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    #1

    The soldier lay low to the ground.

    The soldier lay low to the ground.

    Question 1: In this case, the prepositional phrase ‘to the ground’ functions as an adverbial of degree modifying the adverb ‘low,’ right? (-How low did the soldier lie? -To the ground.)

    Question 2: I’m just wondering if the meaning of the sentence ‘the soldier lay low’ is still complete without the prepositional phrase ‘to the ground.’

    P.S. In this case, ‘lie low’ means to hide so you will not be caught by someone.

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    #2

    Re: The soldier lay low to the ground.

    Please note that I have changed your thread title. Titles should include words/phrases about which you are asking.

    Your sentence is wrong.

    These are correct:

    'The soldier lay low.'
    'The soldier lay on the ground.'
    Last edited by Rover_KE; 15-May-2017 at 12:50.

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    #3

    Re: The soldier lay low to the ground.

    I notice that you posted the same question on WordReference.com at the same time.

    Please do not post the same question on multiple sites at the same time. Post it to one forum and wait for some answers. If you're not satisfied with the answers you get, try another forum, but please provide a link to where you've already asked the question and also indicates what you still don't understand.

    Simultaneously posting a question on multiple forums wastes our time!
    (teechar)

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    #4

    Re: The soldier lay low to the ground.

    Q1: See the answer you were given in your previous thread (with lowest to the ground). The PP here is the complement of low. It is not an adverbial of degree. The complete phrase (low to the ground) is needed to make sense, and expresses the soldier's position.

    Where/How did the soldier lie? Low to the ground.

    However, the meaning of the phrase is incoherent -- there is not really any other way to lie!

    Q2: The sentence would have a different meaning.

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    #5

    Re: The soldier lay low to the ground.

    Quote Originally Posted by jutfrank View Post
    Q1: See the answer you were given in your previous thread (with lowest to the ground). The PP here is the complement of low. It is not an adverbial of degree. The complete phrase (low to the ground) is needed to make sense, and expresses the soldier's position.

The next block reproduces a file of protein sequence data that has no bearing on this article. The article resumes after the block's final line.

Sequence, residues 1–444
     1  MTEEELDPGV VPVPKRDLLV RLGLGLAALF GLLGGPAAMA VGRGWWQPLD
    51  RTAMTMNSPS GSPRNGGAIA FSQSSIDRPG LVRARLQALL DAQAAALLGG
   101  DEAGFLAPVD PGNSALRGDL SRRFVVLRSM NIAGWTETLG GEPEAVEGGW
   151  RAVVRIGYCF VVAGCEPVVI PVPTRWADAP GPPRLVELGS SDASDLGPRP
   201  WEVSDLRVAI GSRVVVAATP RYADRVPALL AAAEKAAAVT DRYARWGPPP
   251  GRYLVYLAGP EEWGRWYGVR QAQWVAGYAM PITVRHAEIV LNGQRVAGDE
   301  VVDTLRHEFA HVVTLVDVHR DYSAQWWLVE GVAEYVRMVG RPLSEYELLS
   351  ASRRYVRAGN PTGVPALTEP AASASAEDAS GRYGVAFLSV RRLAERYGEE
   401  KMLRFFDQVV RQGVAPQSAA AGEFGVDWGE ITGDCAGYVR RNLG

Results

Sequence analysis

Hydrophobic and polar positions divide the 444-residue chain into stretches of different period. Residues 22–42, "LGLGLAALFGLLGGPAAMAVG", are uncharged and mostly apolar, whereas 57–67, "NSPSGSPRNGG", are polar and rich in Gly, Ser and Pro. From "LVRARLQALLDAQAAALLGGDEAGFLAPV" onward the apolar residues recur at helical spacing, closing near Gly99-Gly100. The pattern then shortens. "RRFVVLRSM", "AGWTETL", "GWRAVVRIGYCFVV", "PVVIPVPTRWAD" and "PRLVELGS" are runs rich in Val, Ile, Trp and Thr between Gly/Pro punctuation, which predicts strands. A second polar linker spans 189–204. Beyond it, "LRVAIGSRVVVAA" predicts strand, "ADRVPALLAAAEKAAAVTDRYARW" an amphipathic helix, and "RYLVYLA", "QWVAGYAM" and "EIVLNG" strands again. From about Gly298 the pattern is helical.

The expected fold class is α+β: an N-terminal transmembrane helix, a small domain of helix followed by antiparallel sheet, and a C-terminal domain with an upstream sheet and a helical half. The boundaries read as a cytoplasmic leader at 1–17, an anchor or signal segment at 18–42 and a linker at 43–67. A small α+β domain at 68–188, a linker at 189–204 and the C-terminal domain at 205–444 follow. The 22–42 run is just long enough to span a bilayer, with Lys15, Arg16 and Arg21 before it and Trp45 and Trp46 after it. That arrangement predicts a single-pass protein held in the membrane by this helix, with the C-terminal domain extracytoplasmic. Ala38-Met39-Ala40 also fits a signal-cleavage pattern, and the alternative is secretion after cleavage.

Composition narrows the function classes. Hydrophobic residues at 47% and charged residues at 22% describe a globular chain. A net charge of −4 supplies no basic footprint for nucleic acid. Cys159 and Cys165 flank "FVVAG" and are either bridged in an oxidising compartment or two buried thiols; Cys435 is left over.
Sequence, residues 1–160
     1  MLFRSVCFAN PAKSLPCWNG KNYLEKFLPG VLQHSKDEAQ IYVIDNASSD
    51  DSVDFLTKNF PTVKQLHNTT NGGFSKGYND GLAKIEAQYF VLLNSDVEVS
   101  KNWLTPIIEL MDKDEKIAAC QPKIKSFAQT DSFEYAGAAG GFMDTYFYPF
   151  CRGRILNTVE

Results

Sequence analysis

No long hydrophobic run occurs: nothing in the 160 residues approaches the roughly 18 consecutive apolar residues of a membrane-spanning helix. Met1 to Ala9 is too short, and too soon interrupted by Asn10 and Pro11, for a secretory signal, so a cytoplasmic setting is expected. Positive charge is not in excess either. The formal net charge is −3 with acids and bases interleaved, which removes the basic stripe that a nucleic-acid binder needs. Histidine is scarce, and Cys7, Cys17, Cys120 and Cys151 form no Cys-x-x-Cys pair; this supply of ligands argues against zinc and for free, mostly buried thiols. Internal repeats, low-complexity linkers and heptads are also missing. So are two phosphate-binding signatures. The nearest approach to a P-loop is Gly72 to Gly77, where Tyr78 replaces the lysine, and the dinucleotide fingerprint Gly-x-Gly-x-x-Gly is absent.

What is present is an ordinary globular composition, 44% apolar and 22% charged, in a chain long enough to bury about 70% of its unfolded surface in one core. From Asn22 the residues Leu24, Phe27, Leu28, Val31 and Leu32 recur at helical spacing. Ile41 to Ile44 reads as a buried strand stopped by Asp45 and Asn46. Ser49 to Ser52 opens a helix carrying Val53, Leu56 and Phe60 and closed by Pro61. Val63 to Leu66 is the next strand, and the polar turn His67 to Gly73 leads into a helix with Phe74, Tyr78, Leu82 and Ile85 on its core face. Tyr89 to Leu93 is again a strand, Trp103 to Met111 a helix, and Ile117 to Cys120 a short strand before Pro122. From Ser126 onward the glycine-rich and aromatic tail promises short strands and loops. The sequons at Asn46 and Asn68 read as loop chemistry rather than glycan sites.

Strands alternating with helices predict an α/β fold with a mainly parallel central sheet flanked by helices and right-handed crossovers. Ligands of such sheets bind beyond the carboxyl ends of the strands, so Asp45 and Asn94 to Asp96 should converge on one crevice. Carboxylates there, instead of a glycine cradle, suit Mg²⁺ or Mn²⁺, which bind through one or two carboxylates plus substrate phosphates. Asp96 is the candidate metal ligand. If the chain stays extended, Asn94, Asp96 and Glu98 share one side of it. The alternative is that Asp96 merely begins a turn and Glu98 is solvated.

Where/How did the soldier lie? Low to the ground.

    However, the meaning of the phrase is incoherent -- there is not really any other way to lie!

    Q2: The sentence would have a different meaning.
    Thank you

    The soldier lay low to the ground.


    The soldier.......lay............{..[low]...............................to the ground...................................}
    Subject.......... verb...........{ [adverb]...adverbial prepositional phrase (adjunct) modifying "low".}
    Subject.......... verb...........{.................................. ..adverbial phrase...................................}

    Question 1: In this case, 'lie low' is a verb phrase so 'Subject..........verb...........{[adverb]...adverbial prepositional phrase (adjunct) modifying "low".}' make more sense, right?


    The soldier lay
    Q: How was he lying?
    A: He was lying low.
    Q: How low?
    A: Low to the ground.

    Question 2:

    Q: How low?
    A: Low to the ground.

    Which means, in this case, the adverbial phrase ‘to the ground’ functions as an adverbial of degree modifying the adverb ‘low,’ right?

    Question 3: In this case, 'to the ground' is an adjunct, which means that the meaning of the sentence ‘the soldier lay low’ is still complete without the prepositional phrase ‘to the ground.’Right?

    P.S. In this case, ‘lie low’ is a verb phrase meaning to hide so you will not be caught by someone.

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    #6

    Re: The soldier lay low to the ground.

    This thread is still under discussion in WR.

    I suggest we spend no more time on it here.

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